Paying More at the Pump? Gas Prices Surge 9 Cents in November

On average, drivers in Alabama are shelling out the least, while motorists in Florida experience the largest price spike.

Different types of fuel pumps identified with colors
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In most states, the cost of filling up increased over the past week, but as with most things, the pain was not spread equitably. 

Since the start of the month, the average price of a gallon of gasoline has risen 9 cents to $2.56, up 39 cents from a year ago, the AAA said Monday.

But just how much filling up sets one back comes down to where you live, with residents of Alabama paying the least, or an average of $2.26 a gallon, followed by motorists in Mississippi, where gas is a penny higher, at $2.27 on average, then South Carolina, where a gallon averages $2.29, and Louisiana, at $2.30.

The state with the fifth cheapest gas prices at $2.31 a gallon is Arkansas, followed by Texas, at $2.31, Virginia, at $2.32, Tennessee, where a gallon will run an average of $2.34, Oklahoma at $2.35 and Missouri at $2.36.

Four states saw double-digit fluctuations at the pump, including Florida's 13-cent rise and Indiana's 13-cent drop. In Alaska, prices jumped 12 cents and in Ohio they fell 10 cents.

The November spike in Florida comes in the aftermath of reports of price-gouging across the state in the wake of Hurricane Harvey.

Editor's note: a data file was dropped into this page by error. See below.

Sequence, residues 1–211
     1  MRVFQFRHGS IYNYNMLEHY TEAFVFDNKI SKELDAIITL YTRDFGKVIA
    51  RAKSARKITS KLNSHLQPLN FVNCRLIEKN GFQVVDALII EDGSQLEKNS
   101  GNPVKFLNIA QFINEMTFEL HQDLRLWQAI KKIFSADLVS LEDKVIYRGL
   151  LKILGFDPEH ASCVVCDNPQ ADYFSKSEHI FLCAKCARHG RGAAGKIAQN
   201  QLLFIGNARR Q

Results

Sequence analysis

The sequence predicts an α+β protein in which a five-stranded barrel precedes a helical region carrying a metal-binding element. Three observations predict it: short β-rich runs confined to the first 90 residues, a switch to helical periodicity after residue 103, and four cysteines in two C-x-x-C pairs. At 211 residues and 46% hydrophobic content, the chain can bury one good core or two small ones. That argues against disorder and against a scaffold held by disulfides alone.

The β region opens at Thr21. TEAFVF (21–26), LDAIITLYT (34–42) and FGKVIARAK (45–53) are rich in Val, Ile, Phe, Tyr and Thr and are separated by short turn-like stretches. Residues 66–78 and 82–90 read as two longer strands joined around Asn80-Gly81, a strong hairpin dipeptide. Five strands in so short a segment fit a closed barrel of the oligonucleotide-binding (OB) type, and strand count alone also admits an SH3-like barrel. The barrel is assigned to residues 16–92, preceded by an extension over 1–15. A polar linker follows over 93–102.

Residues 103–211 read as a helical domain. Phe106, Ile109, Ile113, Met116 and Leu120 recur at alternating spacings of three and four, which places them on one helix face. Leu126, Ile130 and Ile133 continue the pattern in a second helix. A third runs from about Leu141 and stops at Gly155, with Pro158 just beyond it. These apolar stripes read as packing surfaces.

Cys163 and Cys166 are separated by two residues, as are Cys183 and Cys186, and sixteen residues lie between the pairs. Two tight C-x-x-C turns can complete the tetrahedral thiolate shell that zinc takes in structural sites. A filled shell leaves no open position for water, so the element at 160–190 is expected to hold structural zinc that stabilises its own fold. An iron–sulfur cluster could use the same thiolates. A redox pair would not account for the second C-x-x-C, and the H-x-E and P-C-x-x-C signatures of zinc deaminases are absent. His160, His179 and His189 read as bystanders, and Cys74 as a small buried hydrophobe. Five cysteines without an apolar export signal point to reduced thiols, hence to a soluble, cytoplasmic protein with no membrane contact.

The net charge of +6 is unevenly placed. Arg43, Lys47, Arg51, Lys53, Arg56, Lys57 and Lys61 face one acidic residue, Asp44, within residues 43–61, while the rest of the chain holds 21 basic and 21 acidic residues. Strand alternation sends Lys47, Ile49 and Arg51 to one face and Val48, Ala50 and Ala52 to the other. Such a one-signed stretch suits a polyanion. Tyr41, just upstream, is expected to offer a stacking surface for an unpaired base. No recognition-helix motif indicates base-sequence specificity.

Other states with noteworthy changes include 7-cent increases in both Georgia and Oregon, and 6-cent hikes in North Carolina, Texas and South Carolina. In Illinois, the average declined 6 cents.

Source: AAA (GasPrices.AAA.com)

Underlying factors to fuel costs include strong fall consumer gasoline demand that continued into November and is cutting the nation's gasoline inventory, AAA said, citing the latest report from the Energy Information Administration, which found total gasoline inventories dropped by 3.3 million barrels.

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Still, AAA predicts that drivers will have something to be thankful for as the long holiday weekend approaches.

 “While November gas prices have come in like a lion, AAA expects them to go out like a lamb,” Jeanette Casselano, AAA spokesperson, said in a statement.